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Brian Walton's news and commentary on the St. Louis Cardinals (TM) and their minor league system

On Holliday’s protection of Pujols


In the aftermath of his devastating error with two out in the ninth inning in the Cardinals-Dodgers National League Division Series game two, the future of soon-to-be free agent outfielder Matt Holliday remains one of the hottest debate topics across Cardinal Nation.

Assertions have been made here and elsewhere that he should not be re-signed by the Cardinals, despite his many contributions after having been acquired from Oakland on July 24.

One reason cited is that Holliday was a failure in what has been viewed by some as his primary role – protection for Albert Pujols in the middle of the Cardinals lineup.

Certainly that was the case in the NLDS, as Dodgers manager Joe Torre made a cognizant and obvious decision to not pitch to Pujols in any run-producing situation. As a result, Albert was issued three intentional walks in games one and two.

The clear reason for it was that heading into the DS, Holliday was not hitting well. Despite hitting 24 home runs on the season, the outfielder had just one after September 8. Holliday did connect for a solo shot in game two, but that was his only RBI of the series.

He batted just 2-for-12 (.167) in the three losses, and did not immediately atone for his game two gaffe. In Saturday’s season-ending game three, Holliday went 0-for-4 with three left on base.

This occurred despite the fact that Holliday was already October-proven. In the Rockies’ 2007 run to the World Series, Holliday had a very good postseason. His line in 11 games was .289/.319/.622 and included five home runs and 10 RBI.

Interestingly, during the 2009 regular season, the Cardinals faced the Dodgers seven times in August and won five of those games. All occurred after the Holliday trade. In those games, Torre issued one free pass to Pujols, but had his pitchers intentionally walk Holliday twice.

Not surprisingly, all seven games occurred during Holliday’s first 24 contests with the Cardinals. During that honeymoon period, he was absolutely blistering the baseball and consequently, Torre had his pitchers treat Holliday with kid gloves.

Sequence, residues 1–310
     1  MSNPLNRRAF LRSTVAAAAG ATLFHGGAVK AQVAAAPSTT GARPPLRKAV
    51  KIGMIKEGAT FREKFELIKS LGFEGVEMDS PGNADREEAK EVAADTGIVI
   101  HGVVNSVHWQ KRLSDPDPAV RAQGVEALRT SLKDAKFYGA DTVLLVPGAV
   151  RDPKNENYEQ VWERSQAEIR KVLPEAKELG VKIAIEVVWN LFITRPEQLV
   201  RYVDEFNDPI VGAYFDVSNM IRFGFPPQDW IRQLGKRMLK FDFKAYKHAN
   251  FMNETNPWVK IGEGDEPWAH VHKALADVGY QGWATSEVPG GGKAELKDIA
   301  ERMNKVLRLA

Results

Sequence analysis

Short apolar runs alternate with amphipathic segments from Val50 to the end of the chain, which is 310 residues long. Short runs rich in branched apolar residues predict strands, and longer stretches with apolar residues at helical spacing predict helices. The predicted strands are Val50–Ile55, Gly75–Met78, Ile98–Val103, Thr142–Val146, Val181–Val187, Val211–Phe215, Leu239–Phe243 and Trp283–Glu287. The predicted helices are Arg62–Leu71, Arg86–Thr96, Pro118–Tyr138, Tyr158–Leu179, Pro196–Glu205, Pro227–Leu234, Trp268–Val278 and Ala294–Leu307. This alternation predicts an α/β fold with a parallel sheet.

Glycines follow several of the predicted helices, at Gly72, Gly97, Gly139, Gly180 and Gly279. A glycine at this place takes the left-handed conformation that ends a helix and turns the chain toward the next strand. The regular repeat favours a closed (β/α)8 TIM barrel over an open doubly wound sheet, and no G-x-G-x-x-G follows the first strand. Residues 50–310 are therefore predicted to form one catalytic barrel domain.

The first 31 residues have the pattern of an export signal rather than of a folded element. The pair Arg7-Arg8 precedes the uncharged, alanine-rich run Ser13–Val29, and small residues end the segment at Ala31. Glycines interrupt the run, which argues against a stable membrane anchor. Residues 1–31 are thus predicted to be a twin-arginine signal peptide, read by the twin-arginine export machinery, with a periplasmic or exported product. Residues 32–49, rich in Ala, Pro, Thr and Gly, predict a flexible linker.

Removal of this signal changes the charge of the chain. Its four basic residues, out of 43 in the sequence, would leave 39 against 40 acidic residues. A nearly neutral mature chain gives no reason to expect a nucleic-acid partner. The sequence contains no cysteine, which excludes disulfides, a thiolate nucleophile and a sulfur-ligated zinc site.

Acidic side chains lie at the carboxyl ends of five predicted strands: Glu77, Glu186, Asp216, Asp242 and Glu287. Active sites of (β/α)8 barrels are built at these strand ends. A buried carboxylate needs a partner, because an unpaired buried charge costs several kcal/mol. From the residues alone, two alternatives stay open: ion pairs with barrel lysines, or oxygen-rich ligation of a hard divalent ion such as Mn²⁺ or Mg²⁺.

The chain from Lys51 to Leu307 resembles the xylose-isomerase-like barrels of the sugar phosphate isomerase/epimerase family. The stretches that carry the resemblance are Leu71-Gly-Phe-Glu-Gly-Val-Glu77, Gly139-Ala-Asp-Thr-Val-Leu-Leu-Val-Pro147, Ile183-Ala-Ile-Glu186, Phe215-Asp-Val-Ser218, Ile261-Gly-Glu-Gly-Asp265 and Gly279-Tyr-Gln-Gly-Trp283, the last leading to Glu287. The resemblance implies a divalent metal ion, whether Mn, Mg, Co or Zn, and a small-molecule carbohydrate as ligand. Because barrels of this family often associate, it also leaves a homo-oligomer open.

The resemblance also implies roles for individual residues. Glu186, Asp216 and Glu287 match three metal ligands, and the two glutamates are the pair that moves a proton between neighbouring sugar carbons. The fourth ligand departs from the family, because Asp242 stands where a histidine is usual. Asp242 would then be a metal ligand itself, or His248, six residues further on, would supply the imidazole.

Torre wasn’t alone, as the NL as a whole gave Pujols far more opportunities to hit after Holliday’s arrival than prior. Here are the specifics of Pujols’ regular season intentional bases on balls (IBB) before July 24 and after:

Pujols’ IBB before Holliday: 34 in 411 PA = 1 per 12.1 plate appearances
Pujols’ IBB with Holliday: 10 in 289 PA = 1 per 28.9 plate appearances

In other words, the rate of Pujols’ intentional walks was more than cut in half once Holliday was batting behind him. That clearly demonstrates that the league as a whole respected the presence of Holliday.

It is surely fair to wonder why Pujols couldn’t do more with his greater opportunities to hit the ball, but his second half of the 2009 season is a different question for a different day.

If Holliday returns to the Cardinals, there is no reason to suspect the behavior exhibited by opposing managers and pitchers in 2009 would not continue in 2010 – as long as he is more consistent with the bat than he showed in his first few months as a Cardinal.


NLCS Footnote
: The walk-a-thon continued in the NLCS as the Dodgers issued seven free passes in their game one loss to the Phillies. Not surprisingly, the 2-3-4 hitters received four, including two to Philly’s version of Pujols, number three hitter Ryan Howard. How much of that was by design and how much was due to the Ankiel-like wildness of 21-year-old lefty Clayton Kershaw is a fair question.

The Phils received just one free pass in game two, but Howard went deep for their only run. As such, I would expect Torre to have his hurlers pitch to the slugger more carefully the rest of the way.

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